We currently have no evidence that this bug has been exploited maliciously, and we have not received complaints from users or seen anomalous behavior on the tool or site to suggest wrongdoing. Although the practical impact of this bug is likely to be minimal — since any email address or phone number that was shared was shared with people who already had some of that contact information anyway, or who had some connection to one another — it’s still something we’re upset and embarrassed by, and we’ll work doubly hard to make sure nothing like this happens again. Your trust is the most important asset we have, and we are committed to improving our safety procedures and keeping your information safe and secure.
We have already notified our regulators in the U.S., Canada, and Europe, and we are in the process of notifying affected users via email.
We appreciate the security researcher’s report to our white hat program, and have paid out a bug bounty to thank him for his efforts.
And users who were affected received the following email from Facebook:
Your privacy is incredibly important to everyone who works at Facebook, and we’re dedicated to protecting your information. While many of us focus our full-time jobs on preventing or fixing issues before they affect anyone, we recently fell short of our goal and a technical bug caused your telephone number or email address to be accessible by another person.
The bug was limited in scope and likely only allowed someone you already know outside of Facebook to see your email address or telephone number. That said, we let you down and we are taking this error very seriously.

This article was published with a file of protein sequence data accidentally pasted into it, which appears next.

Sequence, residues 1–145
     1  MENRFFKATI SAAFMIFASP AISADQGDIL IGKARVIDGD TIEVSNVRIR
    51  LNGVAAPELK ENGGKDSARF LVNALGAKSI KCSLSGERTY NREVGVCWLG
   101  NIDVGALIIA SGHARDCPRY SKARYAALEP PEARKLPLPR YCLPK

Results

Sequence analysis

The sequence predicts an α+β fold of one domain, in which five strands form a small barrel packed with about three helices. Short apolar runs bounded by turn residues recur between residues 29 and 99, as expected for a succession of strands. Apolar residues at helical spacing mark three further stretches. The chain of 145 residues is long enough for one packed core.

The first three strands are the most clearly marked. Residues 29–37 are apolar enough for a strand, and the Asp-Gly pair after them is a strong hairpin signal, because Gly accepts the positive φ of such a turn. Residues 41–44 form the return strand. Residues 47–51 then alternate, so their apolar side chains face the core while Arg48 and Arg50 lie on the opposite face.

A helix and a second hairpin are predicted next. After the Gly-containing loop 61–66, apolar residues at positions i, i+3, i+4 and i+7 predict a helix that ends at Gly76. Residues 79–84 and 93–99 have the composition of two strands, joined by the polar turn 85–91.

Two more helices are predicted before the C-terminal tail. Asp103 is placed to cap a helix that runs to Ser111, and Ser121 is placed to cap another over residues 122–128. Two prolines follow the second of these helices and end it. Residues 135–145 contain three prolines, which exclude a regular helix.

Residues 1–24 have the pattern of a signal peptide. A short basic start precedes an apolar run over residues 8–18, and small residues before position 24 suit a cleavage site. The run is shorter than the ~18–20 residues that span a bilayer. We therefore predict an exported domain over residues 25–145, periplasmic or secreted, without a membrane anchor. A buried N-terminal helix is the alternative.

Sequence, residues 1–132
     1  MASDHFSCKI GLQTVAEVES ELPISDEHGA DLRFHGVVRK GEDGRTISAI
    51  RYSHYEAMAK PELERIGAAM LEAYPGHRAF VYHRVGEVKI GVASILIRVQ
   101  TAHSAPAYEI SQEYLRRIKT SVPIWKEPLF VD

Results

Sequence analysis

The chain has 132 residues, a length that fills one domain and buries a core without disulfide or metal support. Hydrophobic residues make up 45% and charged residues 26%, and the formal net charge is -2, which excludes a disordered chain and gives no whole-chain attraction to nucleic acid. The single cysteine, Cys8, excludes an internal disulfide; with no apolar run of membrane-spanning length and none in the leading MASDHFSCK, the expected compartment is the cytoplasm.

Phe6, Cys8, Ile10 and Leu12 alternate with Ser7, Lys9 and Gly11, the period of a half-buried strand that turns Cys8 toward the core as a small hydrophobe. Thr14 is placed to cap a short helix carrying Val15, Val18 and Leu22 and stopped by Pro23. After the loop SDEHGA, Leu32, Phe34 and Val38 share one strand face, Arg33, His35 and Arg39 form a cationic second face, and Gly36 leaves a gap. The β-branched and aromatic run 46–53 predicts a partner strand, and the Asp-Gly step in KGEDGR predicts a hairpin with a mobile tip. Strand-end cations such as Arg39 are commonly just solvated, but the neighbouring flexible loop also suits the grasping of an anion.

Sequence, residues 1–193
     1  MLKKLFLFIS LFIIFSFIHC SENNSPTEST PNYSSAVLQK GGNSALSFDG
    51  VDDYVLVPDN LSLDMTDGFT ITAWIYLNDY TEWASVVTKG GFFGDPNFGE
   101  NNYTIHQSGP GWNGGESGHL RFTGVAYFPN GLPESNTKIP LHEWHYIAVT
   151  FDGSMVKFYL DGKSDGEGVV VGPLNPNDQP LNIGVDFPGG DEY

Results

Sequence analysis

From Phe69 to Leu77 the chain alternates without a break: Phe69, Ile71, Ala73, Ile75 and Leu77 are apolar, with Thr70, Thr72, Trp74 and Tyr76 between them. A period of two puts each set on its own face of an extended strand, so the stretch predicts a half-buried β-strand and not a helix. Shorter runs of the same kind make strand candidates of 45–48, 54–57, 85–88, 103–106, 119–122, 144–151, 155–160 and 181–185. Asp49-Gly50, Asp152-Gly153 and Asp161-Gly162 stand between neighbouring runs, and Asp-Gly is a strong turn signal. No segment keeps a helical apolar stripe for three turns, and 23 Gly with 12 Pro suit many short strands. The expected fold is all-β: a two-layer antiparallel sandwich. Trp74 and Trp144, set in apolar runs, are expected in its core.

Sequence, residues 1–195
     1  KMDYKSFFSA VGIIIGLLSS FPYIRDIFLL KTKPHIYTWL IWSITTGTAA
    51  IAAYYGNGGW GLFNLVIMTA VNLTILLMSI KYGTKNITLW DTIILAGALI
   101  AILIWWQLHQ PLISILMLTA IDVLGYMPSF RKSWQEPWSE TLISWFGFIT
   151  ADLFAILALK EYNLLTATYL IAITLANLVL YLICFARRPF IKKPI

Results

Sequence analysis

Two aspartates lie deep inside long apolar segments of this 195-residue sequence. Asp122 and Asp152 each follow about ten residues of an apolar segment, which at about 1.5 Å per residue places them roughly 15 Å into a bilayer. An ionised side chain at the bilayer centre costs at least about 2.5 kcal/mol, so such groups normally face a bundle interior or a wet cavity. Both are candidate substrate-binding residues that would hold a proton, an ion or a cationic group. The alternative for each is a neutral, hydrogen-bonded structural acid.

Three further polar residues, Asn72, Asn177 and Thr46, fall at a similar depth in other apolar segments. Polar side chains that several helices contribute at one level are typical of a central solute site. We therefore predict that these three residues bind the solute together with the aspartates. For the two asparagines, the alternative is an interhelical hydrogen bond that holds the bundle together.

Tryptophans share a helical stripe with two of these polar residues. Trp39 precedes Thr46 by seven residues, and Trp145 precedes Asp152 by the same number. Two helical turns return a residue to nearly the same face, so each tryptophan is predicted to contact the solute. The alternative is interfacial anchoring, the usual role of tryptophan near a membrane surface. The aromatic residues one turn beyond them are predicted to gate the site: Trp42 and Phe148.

Describing what caused the bug can get pretty technical, but we want to explain how it happened. When people upload their contact lists or address books to Facebook, we try to match that data with the contact information of other people on Facebook in order to generate friend recommendations. Because of the bug, the email addresses and phone numbers used to make friend recommendations and reduce the number of invitations we send were inadvertently stored in their account on Facebook, along with their uploaded contacts. As a result, if a person went to download an archive of their Facebook account through our download your information tool, which included their uploaded contacts, they may have been provided with additional email addresses or telephone numbers.
Here is your contact Information (inadvertently accessible by at most one Facebook user):
We estimate that one Facebook user saw this additional contact info displayed next to your name in their downloaded copy of their account information. No other info about you was shown, and it’s likely that anyone who saw this is not a stranger to you, even if you’re not friends on Facebook.
We recognize that mistakenly sharing contact info is unacceptable, even if you are acquainted with people who saw these details, and we’ve taken measures to prevent this from happening again. For more information on the bug, please read our blog post.
All of us at Facebook take this issue very personally. We appreciate your ongoing use of Facebook, and are working every day to deliver the level of service you expect and deserve.
The Facebook Team
Readers: How many of you received similar emails?